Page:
Rice wine is an alcoholic beverage created with fermented rice and used throughout South and East Asia, both for cooking and drinking. Depending on how you’re using it, finding the right rice wine substitutes is important. So, here we have curated a comprehensive list of the best rice wine substitutes.
Rice Wine Substitutes
The most popular types of rice wine are Shaoxing, mirin, and sake, and all are used in cooking. Avoid substituting rice wine across cuisines – Chinese rice wine has a vastly different flavor profile than Japanese or Indian rice wine. However, if your palate isn’t overly sensitive, or if you have no other options, lean towards using smaller amounts of any substitute to protect the meal’s flavor as much as possible.
The best rice wine alternatives include pale dry sherry and white wine in a 1:1 ratio or a smaller amount of gin.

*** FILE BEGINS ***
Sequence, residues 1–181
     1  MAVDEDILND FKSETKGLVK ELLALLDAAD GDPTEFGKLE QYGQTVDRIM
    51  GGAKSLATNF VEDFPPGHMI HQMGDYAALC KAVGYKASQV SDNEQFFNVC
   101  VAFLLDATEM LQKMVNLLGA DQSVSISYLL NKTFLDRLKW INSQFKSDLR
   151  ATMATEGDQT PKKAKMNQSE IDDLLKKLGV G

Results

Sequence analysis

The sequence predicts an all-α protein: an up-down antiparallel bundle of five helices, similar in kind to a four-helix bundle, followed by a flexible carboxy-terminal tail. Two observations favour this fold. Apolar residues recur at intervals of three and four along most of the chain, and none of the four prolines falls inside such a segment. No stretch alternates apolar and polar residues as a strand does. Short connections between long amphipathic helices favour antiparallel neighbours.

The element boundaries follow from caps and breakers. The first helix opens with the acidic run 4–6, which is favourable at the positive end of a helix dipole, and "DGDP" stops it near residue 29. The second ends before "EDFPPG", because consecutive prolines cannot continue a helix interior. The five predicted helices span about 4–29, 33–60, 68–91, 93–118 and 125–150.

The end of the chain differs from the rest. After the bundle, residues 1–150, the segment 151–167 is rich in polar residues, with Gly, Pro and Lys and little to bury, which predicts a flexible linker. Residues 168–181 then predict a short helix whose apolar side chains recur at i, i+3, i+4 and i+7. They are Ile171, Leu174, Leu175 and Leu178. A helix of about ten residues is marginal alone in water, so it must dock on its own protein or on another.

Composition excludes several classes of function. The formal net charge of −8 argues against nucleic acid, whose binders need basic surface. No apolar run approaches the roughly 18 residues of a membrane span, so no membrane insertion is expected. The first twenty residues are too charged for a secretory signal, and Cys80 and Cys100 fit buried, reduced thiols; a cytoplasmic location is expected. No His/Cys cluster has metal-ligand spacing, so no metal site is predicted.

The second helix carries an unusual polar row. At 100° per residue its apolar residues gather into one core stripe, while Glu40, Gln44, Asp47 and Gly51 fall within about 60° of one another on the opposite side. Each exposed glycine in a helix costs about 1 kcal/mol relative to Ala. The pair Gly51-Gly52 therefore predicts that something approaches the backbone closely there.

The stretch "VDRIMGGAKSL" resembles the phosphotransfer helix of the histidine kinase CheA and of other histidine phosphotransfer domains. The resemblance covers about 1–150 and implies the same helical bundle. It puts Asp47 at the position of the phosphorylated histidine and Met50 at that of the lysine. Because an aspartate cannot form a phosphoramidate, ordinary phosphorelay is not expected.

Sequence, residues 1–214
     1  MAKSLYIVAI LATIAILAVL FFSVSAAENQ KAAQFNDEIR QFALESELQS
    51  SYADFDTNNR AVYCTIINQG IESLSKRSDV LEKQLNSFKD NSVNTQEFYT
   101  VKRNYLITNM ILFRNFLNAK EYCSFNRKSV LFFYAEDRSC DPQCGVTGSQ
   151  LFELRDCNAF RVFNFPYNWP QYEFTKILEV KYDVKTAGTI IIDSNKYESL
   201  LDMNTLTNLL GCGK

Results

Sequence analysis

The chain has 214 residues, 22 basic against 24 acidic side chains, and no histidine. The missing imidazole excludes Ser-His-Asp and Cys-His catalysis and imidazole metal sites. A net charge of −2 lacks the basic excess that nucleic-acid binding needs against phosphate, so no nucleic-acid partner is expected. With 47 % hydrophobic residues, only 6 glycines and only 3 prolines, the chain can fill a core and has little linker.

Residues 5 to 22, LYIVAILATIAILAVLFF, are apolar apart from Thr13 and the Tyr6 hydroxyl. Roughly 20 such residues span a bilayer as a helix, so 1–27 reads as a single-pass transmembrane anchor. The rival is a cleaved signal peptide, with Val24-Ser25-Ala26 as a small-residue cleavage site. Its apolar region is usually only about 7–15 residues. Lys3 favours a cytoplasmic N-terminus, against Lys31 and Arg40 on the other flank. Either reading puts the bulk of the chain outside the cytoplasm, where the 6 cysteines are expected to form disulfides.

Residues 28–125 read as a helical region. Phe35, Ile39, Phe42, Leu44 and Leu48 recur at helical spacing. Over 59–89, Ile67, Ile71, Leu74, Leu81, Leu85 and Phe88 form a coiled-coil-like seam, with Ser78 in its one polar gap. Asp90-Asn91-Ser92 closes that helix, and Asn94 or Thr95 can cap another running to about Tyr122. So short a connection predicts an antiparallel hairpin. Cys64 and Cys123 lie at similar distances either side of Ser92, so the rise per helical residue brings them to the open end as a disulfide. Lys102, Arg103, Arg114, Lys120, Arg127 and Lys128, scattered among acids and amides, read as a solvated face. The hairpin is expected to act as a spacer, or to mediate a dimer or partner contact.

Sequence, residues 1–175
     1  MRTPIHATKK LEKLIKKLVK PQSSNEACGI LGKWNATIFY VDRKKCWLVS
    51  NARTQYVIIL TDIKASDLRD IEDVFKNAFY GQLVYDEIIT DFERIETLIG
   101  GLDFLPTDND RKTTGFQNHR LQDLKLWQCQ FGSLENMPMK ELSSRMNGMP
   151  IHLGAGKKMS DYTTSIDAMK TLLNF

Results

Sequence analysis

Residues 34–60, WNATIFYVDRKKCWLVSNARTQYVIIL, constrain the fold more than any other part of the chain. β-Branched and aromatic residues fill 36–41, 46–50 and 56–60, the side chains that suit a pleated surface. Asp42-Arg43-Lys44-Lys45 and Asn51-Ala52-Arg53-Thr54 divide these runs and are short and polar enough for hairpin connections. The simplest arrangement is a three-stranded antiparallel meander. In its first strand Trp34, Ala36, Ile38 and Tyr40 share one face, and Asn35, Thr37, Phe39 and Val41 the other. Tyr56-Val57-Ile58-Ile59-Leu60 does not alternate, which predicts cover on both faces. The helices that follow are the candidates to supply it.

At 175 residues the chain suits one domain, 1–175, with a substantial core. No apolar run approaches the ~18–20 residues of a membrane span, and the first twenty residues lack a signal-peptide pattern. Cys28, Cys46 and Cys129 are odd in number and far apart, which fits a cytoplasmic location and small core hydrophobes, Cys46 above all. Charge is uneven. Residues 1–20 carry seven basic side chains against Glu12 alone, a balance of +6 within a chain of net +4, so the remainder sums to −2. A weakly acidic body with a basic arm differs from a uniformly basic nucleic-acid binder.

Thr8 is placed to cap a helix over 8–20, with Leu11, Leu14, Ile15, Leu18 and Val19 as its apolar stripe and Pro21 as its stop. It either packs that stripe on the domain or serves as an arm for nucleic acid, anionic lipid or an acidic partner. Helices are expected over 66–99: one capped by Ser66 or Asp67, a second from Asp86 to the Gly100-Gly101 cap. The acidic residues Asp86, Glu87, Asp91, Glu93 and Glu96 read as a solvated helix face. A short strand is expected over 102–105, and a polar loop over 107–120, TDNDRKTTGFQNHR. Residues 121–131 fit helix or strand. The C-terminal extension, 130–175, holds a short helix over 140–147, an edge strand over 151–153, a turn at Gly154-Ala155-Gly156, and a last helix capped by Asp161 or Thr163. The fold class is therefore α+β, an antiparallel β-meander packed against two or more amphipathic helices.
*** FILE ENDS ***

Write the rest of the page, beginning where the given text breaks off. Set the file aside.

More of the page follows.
Substitute for Sake
When looking to replace sake, a Japanese variety of rice wine, use dry sherry and white wine in equal amounts. 
Substitute for Mirin
To substitute for mirin, mix 1 part sugar with 6 parts dry sherry, dry white wine, or sweet marsala wine.
Substitute for Shaoxing Rice Wine
If the recipe calls for Shaoxing rice wine, use pale dry sherry (not cooking sherry!).
Substitute for White Rice Wine
If you’re looking for a white rice wine substitute, use a slightly smaller amount of gin or vermouth. Gin has the most similar flavor.
If you want to make your own rice wine, you can visit Rice Wine Benefits, Recipe & Side Effects.
Word of Caution: Cooking with alcoholic beverages results in only some loss of alcohol content. Foods baked or simmered in alcohol can retain anywhere from 4 percent to 85 percent of the alcohol, according to a study by the U.S. Department of Agriculture’s Nutrient Data lab. Also, if you are following a total avoidance of alcohol, you may want to skip using different kinds of wine vinegar as they do still contain some level of alcohol.